Betty Blake

Created by H.L. Parkhurst

“The Girl Super-Detective Who Always Gets Her Man!”
— the tagline announcing a story coming up in the next issue

BETTY BLAKE was a sort of classier, more upscale version of Sally the Sleuth–she even managed to keep her clothes on most of the time.

She appeared in a handful of two-page comic book stories in Super-Detective, a sister publication of Spicy Detective, the pulp where Sally’s own comic adventures appeared.

Betty worked as an operative at her father’s private detective agency, dad being a retired NYPD Inspector. Her duties seemed to include everything from opening the mail and presenting a pleasant front for potential clients to actually working cases, such as going undercover as a jeweler’s secretary. And just like Sally, Betty couldn’t help but get into trouble. Fortunately she could handle herself, following up leads on her own, and carrying not just a small gun in her purse, but also a secret cache of “powerful sleeping gas” that could be released by pressing a special button.

Sure, Betty’s self-preservation skills were occasionally as dubious as Sally’s, and her habit of falling into predicaments that seemingly required male rescue were as predictable as mold on old bread. To her credit, though, Betty usually had things well in hand before the cops would burst in in the last panel or so.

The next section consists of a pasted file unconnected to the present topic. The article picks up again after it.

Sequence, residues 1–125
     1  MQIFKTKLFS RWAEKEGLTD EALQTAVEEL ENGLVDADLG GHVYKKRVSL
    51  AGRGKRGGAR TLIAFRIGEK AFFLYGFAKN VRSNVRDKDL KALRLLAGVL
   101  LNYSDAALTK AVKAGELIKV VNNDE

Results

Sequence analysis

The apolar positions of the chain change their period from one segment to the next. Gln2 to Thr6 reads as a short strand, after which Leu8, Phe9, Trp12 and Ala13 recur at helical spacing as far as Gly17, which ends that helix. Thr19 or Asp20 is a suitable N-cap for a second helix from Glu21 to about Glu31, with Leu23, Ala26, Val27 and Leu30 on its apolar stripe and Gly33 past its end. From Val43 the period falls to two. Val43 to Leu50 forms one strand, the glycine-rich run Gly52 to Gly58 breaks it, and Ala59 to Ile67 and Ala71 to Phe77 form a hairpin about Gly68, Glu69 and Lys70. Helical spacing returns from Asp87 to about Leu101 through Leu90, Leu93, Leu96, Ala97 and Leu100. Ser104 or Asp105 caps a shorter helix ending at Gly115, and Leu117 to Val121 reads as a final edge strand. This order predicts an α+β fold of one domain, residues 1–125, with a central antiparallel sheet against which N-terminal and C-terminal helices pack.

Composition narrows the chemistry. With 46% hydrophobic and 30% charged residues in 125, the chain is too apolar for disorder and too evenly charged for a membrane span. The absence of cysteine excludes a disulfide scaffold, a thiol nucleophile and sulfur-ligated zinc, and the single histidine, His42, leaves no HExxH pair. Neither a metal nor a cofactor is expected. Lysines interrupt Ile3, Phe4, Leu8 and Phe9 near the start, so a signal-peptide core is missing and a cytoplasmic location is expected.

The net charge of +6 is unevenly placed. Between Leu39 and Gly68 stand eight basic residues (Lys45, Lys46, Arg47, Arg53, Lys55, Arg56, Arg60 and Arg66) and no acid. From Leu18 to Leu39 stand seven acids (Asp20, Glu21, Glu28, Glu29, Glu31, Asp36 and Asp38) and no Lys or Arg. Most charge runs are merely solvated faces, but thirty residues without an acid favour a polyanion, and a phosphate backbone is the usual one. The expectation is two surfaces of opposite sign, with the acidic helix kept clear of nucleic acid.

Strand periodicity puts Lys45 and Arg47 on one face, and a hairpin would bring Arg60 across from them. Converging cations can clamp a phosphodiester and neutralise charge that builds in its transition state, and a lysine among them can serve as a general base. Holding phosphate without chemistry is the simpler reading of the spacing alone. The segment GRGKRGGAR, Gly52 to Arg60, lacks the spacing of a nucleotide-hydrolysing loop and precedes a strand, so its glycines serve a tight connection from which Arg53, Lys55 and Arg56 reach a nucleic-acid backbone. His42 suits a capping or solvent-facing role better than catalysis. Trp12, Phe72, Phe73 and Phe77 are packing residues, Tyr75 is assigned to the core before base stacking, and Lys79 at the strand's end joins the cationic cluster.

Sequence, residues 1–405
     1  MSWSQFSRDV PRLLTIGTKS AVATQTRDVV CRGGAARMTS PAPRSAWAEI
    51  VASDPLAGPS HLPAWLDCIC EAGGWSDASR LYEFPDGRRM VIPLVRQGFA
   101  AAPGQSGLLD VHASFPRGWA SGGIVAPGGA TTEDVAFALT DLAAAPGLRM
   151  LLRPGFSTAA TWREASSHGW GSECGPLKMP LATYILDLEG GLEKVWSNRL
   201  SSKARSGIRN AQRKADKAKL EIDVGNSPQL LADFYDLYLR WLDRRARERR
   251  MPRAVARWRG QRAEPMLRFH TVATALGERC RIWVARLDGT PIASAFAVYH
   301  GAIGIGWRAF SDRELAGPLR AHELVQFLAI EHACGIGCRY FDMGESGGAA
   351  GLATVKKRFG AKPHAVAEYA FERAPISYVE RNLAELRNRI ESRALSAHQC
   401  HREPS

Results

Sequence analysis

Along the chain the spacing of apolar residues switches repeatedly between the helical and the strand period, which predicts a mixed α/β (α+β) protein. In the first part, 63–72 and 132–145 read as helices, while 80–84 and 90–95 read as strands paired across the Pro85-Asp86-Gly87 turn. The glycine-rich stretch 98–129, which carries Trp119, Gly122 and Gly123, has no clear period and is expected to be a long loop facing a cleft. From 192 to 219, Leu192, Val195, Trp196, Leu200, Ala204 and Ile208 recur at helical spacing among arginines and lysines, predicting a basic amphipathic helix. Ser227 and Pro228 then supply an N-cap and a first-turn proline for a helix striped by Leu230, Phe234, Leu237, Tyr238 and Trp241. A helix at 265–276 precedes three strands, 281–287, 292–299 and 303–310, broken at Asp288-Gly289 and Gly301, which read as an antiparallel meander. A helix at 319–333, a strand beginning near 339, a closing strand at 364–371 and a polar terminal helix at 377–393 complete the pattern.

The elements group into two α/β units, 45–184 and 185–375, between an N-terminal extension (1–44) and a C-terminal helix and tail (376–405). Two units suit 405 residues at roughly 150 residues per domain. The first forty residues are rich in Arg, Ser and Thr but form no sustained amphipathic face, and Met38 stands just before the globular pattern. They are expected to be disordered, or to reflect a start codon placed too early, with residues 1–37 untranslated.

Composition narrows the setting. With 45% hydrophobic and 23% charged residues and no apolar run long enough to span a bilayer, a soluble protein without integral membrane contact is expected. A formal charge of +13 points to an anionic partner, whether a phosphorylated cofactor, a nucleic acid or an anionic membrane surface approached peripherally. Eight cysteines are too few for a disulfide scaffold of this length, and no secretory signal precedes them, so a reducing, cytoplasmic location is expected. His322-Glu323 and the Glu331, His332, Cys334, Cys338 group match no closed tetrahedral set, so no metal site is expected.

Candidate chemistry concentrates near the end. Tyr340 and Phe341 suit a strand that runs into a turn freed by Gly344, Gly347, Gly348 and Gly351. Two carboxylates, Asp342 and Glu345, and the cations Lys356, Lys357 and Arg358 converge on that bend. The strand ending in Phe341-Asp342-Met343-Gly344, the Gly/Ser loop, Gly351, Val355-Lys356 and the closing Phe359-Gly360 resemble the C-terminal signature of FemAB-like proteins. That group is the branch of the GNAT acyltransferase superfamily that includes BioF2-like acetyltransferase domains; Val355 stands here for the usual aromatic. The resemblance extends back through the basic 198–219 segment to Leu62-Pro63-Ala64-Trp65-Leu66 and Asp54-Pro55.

Another big plus was that the almost-obligatory bondage and rape scenarios that Sally regularly endured (particularly in her earliest adventures) were absent, at least in the few adventures of Betty I’ve been able to track down. Also, at least as drawn by H.L. Parkhurst, Betty worked in a seemingly more stylish and less raucous — if no less treacherous — world than the one Sally inhabited.

It’s tempting to call Betty Sally’s big sister, but they made their debuts almost simultaneously, in the November 1934 issues of Super-Detective and Spicy Detective (both Trojan publications) respectively. Apparently, “spice” sold better–whereas Betty hung on for a scant half dozen or so stories in the thirties, Sally went on to appear in countless stories in various pulps and actual comic books well into the fifties.


Betty was the creation of H.L. Parkhurst, a prolific artist who worked as a freelance illustrator before opening his own Manhattan advertising agency. When the Depression hit and the magazine advertising biz went kaput, he began working as an illustrator for the pulps, most memorably for Harry Donenfeld’s Trojan line. He did some interior work, including a couple of comic strips (including Betty Blake), but he drew acclaim for his covers for sucjh pulps as Complete Detective Novel, Easy Money, Fighting Western, Hollywood Detective, Private Detective, Romantic Detective, Romantic Western, Short Stories, Spicy Adventure, Spicy Detective, Spicy Mystery, Spicy Western, Triple-X, Wild West Stories and West Magazine.


  • “A Narrow Escape” (November 1934, Super-Detective)
  • “Betty Blake” (December 1934, Super-Detective)
  • “Betty Blake” (March 1935, Super-Detective)
  • “Betty Blake” (June 1935, Super-Detective)
  • “The Dart of Death” (July 1935, Super-Detective)



Respectfully submitted by Kevin Burton Smith.

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